The DSP 502 or some other type of controller or central processing unit controls various components of the UE 14 in accordance with embedded software or firmware stored in memory 504 or stored in memory contained within the DSP 502 itself. To work. In addition to embedded software or firmware, DSP 502 may be stored in memory 504 or available through an information carrier such as a portable data storage medium such as removable memory card 520 or via wired or wireless network communication. Can run other applications. The application software may include a compiled set of machine readable instructions that configure the DSP 502 to provide the desired functionality, or the application software may be processed by an interpreter or compiler indirectly configuring the DSP 502. It may be a high level software command.

The antenna and front end unit 506 may be provided to convert between wireless and electrical signals, such that the UE 14 receives information from the cellular network or some other available wireless communication network or from the peer UE 14. Allows you to send and receive In an embodiment, the antenna and front end unit 506 may include multiple antennas to support beamforming and / or multiple input multiple output (MIMO) operation. As is known to those skilled in the art, MIMO operation can provide spatial diversity that can be used to overcome difficult channel conditions and / or to increase channel throughput. The antenna and front end unit 506 may include antenna tuning and / or impedance matching components, RF power amplifiers, and / or low noise amplifiers.

RF transceiver 508 provides a frequency transition that converts the received RF signal to baseband and converts the baseband transmission signal to RF. In some descriptions, a wireless transceiver or RF transceiver may be modulated / demodulated, coded / decoded, interleaved / deinterleaved, spreading / despreading, inverse fast Fourier transform (IFFT) / fast Fourier transform (FFT), cyclic prefix addition / deletion. It may be understood to include other signal processing functionality such as, and other signal processing functions. For clarity, the description herein distinguishes the description of this signal processing from the RF and / or radio stages and conceptually separates this signal processing from the analog baseband processing unit 510 and / or the DSP 502 or other central. Assign to the processing unit. In some embodiments, the RF transceiver 508, antenna and front end portion 506, and analog baseband processing unit 510 may be combined within one or more processing units and / or application specific integrated circuits (ASICs). Can be.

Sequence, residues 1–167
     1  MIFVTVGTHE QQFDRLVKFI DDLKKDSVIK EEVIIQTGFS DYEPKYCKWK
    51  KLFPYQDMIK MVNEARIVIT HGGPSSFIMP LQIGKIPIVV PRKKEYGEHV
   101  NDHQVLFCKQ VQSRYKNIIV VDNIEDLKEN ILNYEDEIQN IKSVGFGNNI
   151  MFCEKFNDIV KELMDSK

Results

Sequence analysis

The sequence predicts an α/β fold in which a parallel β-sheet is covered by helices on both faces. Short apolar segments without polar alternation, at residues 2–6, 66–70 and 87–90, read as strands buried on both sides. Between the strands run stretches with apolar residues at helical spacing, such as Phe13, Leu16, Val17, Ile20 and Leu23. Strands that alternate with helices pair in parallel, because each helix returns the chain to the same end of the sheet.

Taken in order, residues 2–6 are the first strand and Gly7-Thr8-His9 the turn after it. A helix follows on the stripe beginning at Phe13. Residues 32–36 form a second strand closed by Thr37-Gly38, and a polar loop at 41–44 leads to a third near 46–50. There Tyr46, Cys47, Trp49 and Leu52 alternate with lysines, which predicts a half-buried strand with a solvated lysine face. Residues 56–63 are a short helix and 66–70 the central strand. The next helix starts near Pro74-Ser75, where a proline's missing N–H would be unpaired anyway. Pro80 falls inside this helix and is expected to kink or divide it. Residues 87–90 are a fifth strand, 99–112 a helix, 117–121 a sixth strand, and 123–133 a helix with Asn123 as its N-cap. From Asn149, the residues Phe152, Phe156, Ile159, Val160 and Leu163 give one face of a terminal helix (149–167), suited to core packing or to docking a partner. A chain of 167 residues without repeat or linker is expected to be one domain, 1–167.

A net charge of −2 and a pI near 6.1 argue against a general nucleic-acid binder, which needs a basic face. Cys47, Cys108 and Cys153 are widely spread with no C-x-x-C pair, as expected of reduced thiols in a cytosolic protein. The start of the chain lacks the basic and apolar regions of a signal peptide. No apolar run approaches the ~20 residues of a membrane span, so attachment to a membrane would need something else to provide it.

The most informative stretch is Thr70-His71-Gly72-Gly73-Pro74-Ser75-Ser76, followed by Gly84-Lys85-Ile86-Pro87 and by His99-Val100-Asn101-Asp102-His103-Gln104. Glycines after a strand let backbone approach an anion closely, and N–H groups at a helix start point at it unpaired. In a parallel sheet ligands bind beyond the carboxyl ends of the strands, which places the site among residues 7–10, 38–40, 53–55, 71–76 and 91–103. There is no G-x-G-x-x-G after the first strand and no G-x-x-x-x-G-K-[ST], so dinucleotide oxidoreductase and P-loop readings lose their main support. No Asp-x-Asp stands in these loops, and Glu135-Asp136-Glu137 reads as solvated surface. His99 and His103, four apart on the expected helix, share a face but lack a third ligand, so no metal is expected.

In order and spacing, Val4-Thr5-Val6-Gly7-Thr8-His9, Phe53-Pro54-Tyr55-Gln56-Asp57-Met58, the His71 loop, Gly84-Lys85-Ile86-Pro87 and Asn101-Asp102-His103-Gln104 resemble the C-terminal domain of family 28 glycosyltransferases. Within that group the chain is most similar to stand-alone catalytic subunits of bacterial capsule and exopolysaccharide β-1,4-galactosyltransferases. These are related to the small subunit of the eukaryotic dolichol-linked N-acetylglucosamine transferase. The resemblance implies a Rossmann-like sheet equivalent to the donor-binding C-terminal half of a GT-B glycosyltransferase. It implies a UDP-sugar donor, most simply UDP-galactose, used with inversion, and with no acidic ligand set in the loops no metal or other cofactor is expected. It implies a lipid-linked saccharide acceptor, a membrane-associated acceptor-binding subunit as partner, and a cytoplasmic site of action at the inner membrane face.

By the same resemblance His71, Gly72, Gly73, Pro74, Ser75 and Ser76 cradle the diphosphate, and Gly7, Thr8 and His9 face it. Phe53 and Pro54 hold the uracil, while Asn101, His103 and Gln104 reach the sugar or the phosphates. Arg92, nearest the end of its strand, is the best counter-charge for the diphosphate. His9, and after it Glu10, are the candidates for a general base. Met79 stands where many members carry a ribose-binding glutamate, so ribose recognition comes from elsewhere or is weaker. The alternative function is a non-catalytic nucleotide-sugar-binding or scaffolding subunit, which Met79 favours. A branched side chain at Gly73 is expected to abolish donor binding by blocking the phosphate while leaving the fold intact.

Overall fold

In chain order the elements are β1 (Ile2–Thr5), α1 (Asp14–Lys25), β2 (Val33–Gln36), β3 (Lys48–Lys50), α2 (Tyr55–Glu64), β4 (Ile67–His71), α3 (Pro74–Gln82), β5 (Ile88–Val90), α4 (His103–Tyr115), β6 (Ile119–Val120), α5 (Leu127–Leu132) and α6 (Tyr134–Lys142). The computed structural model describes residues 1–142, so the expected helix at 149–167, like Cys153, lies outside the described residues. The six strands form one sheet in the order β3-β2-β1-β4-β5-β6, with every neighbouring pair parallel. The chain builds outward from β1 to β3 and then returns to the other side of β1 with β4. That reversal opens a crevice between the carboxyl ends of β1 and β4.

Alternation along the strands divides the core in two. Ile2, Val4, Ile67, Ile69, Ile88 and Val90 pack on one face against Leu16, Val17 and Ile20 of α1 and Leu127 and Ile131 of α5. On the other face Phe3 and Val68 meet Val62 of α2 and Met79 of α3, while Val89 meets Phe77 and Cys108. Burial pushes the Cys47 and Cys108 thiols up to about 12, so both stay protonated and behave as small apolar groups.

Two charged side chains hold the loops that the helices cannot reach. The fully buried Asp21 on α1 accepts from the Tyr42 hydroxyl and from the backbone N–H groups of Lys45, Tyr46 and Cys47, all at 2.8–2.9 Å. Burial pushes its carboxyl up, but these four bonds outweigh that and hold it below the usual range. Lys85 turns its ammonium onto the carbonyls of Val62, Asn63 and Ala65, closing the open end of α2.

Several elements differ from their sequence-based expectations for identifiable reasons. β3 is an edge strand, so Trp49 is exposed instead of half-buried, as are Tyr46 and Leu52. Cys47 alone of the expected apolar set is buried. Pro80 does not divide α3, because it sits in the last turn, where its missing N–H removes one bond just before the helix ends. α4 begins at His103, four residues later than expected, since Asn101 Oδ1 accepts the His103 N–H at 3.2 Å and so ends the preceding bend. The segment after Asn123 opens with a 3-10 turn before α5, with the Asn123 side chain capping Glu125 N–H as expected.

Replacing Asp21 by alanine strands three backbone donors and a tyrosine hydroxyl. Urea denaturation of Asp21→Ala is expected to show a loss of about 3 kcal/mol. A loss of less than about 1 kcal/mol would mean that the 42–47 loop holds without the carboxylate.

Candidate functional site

The analog baseband processing unit 510 is responsible for various analog processing of inputs and outputs, for example analogue processing of inputs from microphone 512 and headset 516 and outputs to earphones 514 and headset 516. It can provide analog processing. To this end, the analog baseband processing unit 510 may have a port for connection to the built-in microphone 512 and earphone speaker 514 that allows the UE 14 to be used as a cell phone. The analog baseband processing unit 510 may further include a port for connection to a headset or other handsfree microphone and speaker configuration. The analog baseband processing unit 510 may provide digital to analog conversion in one signal direction and analog to digital conversion in the opposite signal direction. In some embodiments, at least some of the functionality of the analog baseband processing unit 510 may be provided by a digital processing component, such as the DSP 502 or other central processing unit.